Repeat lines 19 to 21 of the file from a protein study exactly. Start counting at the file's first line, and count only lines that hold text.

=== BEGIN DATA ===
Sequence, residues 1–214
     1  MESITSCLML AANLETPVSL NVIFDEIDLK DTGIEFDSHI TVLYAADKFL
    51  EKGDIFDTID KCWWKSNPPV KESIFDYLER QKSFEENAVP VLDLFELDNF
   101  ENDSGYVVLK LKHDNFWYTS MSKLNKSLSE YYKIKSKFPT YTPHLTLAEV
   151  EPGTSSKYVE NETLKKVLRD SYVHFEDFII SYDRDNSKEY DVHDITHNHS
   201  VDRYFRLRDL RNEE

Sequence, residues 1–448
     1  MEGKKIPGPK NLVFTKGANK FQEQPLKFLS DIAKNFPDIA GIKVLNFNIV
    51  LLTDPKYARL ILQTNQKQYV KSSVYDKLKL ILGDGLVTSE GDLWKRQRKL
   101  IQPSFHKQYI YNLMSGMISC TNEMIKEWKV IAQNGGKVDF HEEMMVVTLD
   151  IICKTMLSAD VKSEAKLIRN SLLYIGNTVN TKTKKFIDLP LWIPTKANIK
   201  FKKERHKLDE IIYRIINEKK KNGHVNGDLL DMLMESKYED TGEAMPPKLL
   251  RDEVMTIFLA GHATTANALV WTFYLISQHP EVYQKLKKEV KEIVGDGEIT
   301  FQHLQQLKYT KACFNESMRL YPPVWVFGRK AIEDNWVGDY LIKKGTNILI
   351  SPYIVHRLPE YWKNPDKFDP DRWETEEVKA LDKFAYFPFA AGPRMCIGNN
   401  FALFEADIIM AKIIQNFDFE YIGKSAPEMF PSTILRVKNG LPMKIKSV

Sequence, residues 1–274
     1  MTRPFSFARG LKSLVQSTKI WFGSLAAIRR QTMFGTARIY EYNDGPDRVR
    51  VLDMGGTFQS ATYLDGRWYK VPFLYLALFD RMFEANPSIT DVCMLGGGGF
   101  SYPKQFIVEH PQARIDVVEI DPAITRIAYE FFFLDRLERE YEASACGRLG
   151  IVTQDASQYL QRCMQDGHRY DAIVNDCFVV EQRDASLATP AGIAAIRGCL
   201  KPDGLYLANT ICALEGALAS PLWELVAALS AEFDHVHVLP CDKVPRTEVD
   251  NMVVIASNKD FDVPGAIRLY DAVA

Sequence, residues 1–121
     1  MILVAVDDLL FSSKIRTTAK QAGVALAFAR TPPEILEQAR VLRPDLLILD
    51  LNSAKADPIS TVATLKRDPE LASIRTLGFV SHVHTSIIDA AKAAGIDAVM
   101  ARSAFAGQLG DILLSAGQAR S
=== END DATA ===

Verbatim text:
    51  VLDMGGTFQS ATYLDGRWYK VPFLYLALFD RMFEANPSIT DVCMLGGGGF
   101  SYPKQFIVEH PQARIDVVEI DPAITRIAYE FFFLDRLERE YEASACGRLG
   151  IVTQDASQYL QRCMQDGHRY DAIVNDCFVV EQRDASLATP AGIAAIRGCL